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Give It Up, Democrats. The Russia Investigation Is Over.

There's no need to turn the Russia investigation into the next Benghazi.

Chip Somodevilla/Getty Images

For nearly two years, Democrats desperately hoped that Robert Mueller would ride in on a white horse and save the country from Donald Trump’s corrupt presidency. But three days after the special counsel submitted his report to the Department of Justice, one thing is clear: The Russia investigation no longer poses a mortal threat to this presidency. Trump’s future is now in the hands of a divided, hyper-partisan Congress that agrees on almost nothing.

Dejected Democrats may be tempted to keep fighting the administration over the Trump campaign’s connections to Russia and the question of whether he obstructed justice. They are expected to increase pressure on Attorney General William Barr to release not only Mueller’s full report, but all of the documents that informed it, and may even try to assume the mantle of the now-concluded Russia investigation. “There’s a difference between compelling evidence of collusion and whether the special counsel concludes that he can prove beyond a reasonable doubt the criminal charge of conspiracy,” Representative Adam Schiff, the chairman of the House Intelligence Committee, said on Sunday.

It’s time for Democrats to quit their Russia obsession. Prolonging this investigation would be a grave political mistake and distract from more pressing—and more politically potent—inquiries into the president and his administration. It risks becoming a fool’s errand on par with the Republicans’ Benghazi boondoggle.

This comparison is likely to upset some on the political left, who would rightly contend that there are important differences between the Russia and Benghazi investigations. The latter was a largely manufactured scandal, an attempt to soil Barack Obama’s relatively clean administration and rile up the Republican base; it ultimately morphed into a genuine witch hunt aimed at discrediting Hillary Clinton before her presidential campaign got off the ground. This is in marked contrast to Mueller’s dutiful, apolitical investigation, which has produced 37 indictments and resulted in the conviction of Trump’s personal lawyer and his former campaign chairman, as well as a host of other figures with intimate connections to the president.

It’s worth also taking a step back to remember why the Mueller investigation took on such importance among Democrats. Some of it, to be sure, came from its nonpartisan appearance: Here was a strident G-man and lifelong Republican who even the most craven members of the GOP would have to respect. And the discretion of Mueller’s team, from which information rarely leaked, led to wild speculation about what it might know that the press and public did not. But much of the investigation’s allure came from the fact that, with Democrats completely out of power in Washington, the special counsel was the only person investigating Trump for the first two years of his presidency.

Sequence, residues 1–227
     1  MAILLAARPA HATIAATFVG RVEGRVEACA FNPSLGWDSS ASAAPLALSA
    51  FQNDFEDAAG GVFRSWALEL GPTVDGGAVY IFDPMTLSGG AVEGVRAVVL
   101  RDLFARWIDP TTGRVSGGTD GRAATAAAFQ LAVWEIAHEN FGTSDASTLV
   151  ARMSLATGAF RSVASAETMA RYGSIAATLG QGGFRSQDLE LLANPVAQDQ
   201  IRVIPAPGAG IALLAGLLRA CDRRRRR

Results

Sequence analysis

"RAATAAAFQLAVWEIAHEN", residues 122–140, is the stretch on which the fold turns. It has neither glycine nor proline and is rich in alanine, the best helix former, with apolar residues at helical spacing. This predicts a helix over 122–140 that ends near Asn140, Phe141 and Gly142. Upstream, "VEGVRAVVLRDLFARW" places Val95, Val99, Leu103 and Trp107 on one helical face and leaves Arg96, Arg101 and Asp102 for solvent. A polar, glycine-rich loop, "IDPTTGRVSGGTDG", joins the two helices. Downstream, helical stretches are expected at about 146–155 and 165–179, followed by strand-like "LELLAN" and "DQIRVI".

The investigation was enormously damaging to the president, but Barr’s letter to Congress on Sunday will serve—undeservedly—as a paper shield for Trump and his defenders. According to Barr, Mueller did not find evidence that the Trump campaign colluded with Russian agents to interfere in the 2016 election, and could not make a determination on obstruction of justice. Considering the scope of the investigation—and its nonpartisan status—it’s highly unlikely that Democrats in Congress will unearth less ambiguous proof on either front.

Given the expectations surrounding Mueller’s investigation—which were inflated partly due to irresponsible media coverage, and partly due to the indictments the investigation continually produced—Democrats undoubtedly are disappointed that it didn’t yield a more decisive conclusion. But the end of the investigation is opportunity to pivot to the more substantial case against Trump.

The Republicans needed the Benghazi investigation, politically speaking, because they didn’t have anything else on Obama or Clinton. The fishing expedition worked: It uncovered Clinton’s use of a private email server while she was secretary of state, which ultimately caused serious and unwarranted political damage. But there’s no need to manufacture a scandal against Trump, given how many are sitting in plain sight.

His presidency has been marred by corruption, some of it taking place in the open at the president’s private club. His shady private businesses face allegations ranging from bank fraud to money laundering. His children are nakedly capitalizing on his presidency, and his son-in-law was mysteriously given a top secret security clearance even though his application was rejected. There are credible accusations of sexual harassment and assault against Trump that go back years. We still haven’t seen his tax returns!

Democrats took back the House in a landslide midterm election by focusing on health care, not Trump’s plan to build a tower in Moscow. The party’s 2020 frontrunners are focusing on issues like climate change and income inequality, not questions about what really happened during a 2016 meeting between the president’s son and a group of Russians. When the attention of presidential aspirants does turn to the president, it revolves around his obvious corruption and his coddling of authoritarians around the world.

Trump can claim that Mueller exonerated him, even if that isn’t quite true. But he hasn’t been, and won’t be, cleared on a host of other charges. As long as Democrats focus on those—and stop getting distracted by shiny objects like collusion, obstruction of justice, or impeachment—they can do what they’d always hoped Mueller would: bring the president to his knees.